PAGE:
Fight videogames produce violence

Scientific Evidence Platform Under review Fight videogames produce violence


  • Prescott, A. T., Sargent, J. D., & Hull, J. G. (2018). Metaanalysis of the relationship between violent video game play and physical aggression over time. Proceedings of the National Academy of Sciences115(40), 9882-9888.
  • Crecente, D. (2014). Gaming against violence: A grassroots approach to teen dating violence. GAMES FOR HEALTH: Research, Development, and Clinical Applications3(4), 198-201.
  • Gentile, D. A., Lynch, P. J., Linder, J. R., & Walsh, D. A. (2004). The effects of violent video game habits on adolescent hostility, aggressive behaviors, and school performance. Journal of adolescence, 27(1), 5-22.



Carlos, J. (2015, 9 julio). Violence and videogames. Hipertextual.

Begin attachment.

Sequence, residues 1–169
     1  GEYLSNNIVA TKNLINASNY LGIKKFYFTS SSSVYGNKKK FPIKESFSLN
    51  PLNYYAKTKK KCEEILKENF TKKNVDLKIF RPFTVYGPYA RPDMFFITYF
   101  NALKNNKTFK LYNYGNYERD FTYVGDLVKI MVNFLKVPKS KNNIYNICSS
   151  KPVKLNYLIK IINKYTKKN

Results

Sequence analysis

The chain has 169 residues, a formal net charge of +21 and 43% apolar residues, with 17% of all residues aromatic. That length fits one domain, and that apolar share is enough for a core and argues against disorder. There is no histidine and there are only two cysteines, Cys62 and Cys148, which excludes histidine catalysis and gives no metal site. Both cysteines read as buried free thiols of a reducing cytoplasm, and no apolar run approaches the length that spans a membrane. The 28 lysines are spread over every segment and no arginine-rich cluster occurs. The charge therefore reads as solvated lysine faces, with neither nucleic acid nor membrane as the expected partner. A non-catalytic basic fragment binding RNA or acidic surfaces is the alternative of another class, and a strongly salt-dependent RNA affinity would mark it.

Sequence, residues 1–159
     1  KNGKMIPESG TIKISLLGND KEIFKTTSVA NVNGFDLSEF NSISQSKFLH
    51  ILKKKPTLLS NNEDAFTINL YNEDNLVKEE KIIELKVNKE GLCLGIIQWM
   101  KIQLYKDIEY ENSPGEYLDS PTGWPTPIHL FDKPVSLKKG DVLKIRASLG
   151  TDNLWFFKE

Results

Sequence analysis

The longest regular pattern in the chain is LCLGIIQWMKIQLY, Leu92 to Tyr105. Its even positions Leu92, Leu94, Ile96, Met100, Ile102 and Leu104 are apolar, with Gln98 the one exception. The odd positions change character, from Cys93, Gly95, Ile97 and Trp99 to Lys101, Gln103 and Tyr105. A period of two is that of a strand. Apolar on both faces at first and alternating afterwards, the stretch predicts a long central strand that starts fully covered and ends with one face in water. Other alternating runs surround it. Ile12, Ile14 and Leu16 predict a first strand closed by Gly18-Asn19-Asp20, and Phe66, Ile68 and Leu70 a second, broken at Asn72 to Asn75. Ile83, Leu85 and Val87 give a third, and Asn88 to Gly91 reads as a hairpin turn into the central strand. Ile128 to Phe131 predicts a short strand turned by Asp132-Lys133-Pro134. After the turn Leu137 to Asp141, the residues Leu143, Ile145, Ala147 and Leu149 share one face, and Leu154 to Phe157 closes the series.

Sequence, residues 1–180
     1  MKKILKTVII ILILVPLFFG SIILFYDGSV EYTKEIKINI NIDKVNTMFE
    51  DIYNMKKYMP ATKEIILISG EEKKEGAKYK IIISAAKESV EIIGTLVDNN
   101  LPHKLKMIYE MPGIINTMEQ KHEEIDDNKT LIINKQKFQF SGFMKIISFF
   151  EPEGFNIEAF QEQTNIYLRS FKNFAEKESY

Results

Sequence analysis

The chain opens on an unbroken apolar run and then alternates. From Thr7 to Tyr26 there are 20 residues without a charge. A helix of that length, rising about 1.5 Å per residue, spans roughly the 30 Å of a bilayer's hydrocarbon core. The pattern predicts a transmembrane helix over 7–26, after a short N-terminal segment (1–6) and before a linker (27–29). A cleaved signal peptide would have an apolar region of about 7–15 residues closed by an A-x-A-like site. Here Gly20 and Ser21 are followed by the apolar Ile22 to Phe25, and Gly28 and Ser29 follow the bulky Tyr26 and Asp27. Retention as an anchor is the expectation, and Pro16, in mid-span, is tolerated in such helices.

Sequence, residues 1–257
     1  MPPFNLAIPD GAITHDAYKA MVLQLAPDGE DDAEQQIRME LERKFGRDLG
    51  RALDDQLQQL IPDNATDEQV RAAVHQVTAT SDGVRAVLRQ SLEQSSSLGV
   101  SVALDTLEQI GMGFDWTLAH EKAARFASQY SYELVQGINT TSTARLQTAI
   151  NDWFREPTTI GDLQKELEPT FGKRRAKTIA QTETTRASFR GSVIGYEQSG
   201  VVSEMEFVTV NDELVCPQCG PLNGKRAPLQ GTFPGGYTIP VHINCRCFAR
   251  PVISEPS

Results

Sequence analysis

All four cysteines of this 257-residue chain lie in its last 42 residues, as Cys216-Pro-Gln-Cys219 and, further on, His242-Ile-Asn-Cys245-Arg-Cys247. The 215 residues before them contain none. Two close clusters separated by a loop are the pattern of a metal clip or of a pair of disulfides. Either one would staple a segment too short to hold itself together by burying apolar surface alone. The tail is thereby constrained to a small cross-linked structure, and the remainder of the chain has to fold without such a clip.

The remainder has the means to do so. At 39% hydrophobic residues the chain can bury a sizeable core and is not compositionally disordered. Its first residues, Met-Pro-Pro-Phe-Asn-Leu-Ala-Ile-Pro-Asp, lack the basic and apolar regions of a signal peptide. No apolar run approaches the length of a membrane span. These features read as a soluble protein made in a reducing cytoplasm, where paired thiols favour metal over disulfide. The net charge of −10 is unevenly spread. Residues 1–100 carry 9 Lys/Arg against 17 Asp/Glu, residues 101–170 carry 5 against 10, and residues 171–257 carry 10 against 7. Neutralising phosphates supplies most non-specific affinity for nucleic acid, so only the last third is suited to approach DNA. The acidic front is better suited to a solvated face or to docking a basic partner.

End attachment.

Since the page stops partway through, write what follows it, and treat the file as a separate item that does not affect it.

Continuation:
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Violence is linked to aggressiveness, and aggressiveness has both environmental and genetic origins. Video games by themselves do not encourage someone to be violent, ergo, a genetic predisposition is required to be affected by excessive use of these. The subject could normalize behaviors, conducts or ways of proceeding that are perpetuated in video games with high levels of violence. Even so, there are some articles that ensure that those young people who dedicate more hours to violent video games present a greater predisposition to get involved in physical fights with their partners. Other studies support that playing competitive games does cause aggressive behavior over time. Whereas playing violent or non-competitive videogames does not, so it suggests that it is not about the idea of violence, but that it is this competitiveness in games that is responsible for this nexus of videogames and violence.


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